If Labour won’t stand up for working people, unions will | Owen Jones

If Labour won’t stand up for working people, unions will | Owen Jones

Labour’s decision to adopt a hostile posture to a newly assertive trade union movement could prove a costly error

Labour is losing its sense of purpose just as the trade unions that gave birth to the party have rediscovered theirs. This may seem churlish given that the party won a byelection just last week, but the polling tells us that this is a story of Tory self-immolation, of voters repelled by illicit pandemic-era parties and a failure to address falling living standards rather than a vote for Labour’s vision for the country – the fact of the matter is, it doesn’t have one.

The opposition’s identity crisis was underlined by the performance of the shadow foreign secretary, David Lammy, at the weekend during his broadcast round. His declaration that “a serious party of government does not go on a picket line” was provocative enough: given that he has himself proudly done so in the past speaks to a politician who says only what he believes is politically opportune at any given moment. He also wrongly claimed that British Airways workers were seeking a pay rise, rather than a reversal of a 10% pay cut– leading to understandable fury from Unite, the union that represents them.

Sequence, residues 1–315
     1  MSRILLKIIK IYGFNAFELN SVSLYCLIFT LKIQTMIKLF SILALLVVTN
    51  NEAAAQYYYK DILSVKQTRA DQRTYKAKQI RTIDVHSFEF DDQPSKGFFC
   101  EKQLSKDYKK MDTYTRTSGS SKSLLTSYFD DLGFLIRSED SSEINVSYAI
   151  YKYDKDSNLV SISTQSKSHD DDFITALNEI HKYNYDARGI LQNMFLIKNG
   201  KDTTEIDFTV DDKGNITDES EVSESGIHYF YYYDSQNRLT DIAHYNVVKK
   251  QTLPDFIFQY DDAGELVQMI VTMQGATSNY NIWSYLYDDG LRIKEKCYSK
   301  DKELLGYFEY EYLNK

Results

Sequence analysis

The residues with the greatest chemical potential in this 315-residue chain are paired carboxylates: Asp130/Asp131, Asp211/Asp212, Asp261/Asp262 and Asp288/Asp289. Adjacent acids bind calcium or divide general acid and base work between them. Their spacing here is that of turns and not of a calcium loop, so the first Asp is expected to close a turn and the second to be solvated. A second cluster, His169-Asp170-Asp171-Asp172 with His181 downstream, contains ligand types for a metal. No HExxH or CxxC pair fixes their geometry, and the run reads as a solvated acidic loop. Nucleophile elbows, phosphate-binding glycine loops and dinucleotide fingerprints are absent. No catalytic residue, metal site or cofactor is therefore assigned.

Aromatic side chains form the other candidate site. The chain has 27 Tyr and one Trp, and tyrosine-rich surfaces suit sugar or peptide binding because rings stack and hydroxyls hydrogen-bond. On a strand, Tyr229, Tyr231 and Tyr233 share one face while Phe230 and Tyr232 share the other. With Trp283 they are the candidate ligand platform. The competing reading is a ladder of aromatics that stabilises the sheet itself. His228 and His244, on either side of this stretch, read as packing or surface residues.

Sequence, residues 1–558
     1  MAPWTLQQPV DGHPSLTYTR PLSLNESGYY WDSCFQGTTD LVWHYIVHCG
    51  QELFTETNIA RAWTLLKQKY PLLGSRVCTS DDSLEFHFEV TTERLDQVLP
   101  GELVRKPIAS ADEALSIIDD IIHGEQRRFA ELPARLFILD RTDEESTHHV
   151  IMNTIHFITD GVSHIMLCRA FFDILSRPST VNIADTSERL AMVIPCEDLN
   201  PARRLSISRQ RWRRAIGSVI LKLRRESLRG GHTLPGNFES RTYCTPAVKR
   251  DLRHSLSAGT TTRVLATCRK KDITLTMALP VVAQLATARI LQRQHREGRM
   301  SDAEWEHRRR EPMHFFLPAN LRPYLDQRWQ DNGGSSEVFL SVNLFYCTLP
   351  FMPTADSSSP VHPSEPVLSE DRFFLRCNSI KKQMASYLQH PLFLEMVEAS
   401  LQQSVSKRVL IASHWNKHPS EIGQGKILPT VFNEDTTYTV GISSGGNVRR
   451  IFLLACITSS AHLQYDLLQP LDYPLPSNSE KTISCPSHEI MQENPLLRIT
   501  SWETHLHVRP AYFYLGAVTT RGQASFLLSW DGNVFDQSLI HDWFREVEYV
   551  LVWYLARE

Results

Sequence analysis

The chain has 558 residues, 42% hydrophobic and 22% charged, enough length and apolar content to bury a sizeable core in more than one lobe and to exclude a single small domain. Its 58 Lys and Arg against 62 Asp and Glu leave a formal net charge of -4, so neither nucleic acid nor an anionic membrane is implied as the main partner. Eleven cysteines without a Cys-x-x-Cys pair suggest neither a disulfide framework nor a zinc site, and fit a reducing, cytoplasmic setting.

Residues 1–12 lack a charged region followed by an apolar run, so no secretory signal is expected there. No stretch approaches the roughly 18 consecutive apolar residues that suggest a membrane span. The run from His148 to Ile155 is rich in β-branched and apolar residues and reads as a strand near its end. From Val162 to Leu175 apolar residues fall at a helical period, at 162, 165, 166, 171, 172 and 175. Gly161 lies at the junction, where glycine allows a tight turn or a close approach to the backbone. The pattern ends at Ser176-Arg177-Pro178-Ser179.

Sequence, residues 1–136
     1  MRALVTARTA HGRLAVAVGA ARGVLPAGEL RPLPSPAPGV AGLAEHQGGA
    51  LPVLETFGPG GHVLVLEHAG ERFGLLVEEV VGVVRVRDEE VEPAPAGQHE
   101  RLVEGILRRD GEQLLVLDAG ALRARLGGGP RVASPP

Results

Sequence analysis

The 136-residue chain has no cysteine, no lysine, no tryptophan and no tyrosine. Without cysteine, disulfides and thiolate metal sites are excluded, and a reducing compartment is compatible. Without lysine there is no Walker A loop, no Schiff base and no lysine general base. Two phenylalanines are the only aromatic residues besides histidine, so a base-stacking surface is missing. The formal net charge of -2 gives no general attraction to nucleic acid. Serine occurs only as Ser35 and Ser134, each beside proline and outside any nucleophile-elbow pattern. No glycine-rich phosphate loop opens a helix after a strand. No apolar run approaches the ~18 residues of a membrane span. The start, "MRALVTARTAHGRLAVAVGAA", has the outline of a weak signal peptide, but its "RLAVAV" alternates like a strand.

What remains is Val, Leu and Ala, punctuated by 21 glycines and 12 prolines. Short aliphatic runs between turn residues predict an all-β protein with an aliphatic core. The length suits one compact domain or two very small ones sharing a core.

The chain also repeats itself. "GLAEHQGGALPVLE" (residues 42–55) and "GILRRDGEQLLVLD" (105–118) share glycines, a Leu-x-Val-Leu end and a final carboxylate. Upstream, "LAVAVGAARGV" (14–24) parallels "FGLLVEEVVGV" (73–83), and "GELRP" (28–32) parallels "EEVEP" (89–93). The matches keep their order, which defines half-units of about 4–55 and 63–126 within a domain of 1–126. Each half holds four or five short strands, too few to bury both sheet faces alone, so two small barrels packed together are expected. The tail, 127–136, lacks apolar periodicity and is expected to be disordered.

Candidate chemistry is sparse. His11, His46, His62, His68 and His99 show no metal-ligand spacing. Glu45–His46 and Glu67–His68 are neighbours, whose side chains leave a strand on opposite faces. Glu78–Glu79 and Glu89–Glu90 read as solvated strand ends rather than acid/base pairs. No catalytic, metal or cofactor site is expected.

Owen Jones is a Guardian columnist

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